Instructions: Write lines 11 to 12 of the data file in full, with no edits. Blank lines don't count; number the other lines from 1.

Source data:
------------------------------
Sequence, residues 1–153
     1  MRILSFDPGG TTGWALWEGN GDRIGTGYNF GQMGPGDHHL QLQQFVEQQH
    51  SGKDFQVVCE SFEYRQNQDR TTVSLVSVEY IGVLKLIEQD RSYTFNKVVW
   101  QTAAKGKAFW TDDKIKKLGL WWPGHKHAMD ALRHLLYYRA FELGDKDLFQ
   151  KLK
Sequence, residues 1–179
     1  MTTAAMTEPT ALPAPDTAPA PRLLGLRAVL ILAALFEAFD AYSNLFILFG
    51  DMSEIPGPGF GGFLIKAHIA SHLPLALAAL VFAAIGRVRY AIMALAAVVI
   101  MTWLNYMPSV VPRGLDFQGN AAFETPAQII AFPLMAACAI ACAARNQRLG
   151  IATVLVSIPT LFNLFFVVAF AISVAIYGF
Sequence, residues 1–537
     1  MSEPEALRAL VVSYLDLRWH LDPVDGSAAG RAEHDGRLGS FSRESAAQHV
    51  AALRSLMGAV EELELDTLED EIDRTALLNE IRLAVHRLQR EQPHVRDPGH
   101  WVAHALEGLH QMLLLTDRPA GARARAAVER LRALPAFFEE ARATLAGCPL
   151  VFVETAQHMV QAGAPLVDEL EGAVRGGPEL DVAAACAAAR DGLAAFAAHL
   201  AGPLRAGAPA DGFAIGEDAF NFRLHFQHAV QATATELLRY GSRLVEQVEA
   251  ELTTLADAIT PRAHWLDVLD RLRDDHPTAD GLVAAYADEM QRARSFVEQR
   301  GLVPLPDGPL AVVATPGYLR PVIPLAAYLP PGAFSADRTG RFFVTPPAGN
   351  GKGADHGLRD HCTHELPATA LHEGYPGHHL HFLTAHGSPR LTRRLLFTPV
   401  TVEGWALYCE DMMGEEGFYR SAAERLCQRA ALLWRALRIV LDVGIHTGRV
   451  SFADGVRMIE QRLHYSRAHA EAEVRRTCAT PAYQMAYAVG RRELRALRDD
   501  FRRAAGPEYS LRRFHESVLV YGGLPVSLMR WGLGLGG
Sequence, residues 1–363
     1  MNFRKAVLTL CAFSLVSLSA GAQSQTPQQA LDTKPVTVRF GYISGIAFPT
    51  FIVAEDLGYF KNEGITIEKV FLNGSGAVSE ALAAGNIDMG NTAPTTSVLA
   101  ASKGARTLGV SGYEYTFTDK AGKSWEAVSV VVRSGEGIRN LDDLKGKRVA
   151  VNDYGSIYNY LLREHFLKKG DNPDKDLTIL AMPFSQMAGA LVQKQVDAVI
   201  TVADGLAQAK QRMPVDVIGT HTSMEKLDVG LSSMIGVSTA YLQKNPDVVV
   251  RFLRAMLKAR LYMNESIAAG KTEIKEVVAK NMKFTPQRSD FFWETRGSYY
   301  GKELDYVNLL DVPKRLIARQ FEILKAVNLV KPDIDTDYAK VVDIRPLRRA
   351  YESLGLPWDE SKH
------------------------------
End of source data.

Sequence, residues 1–537
     1  MSEPEALRAL VVSYLDLRWH LDPVDGSAAG RAEHDGRLGS FSRESAAQHV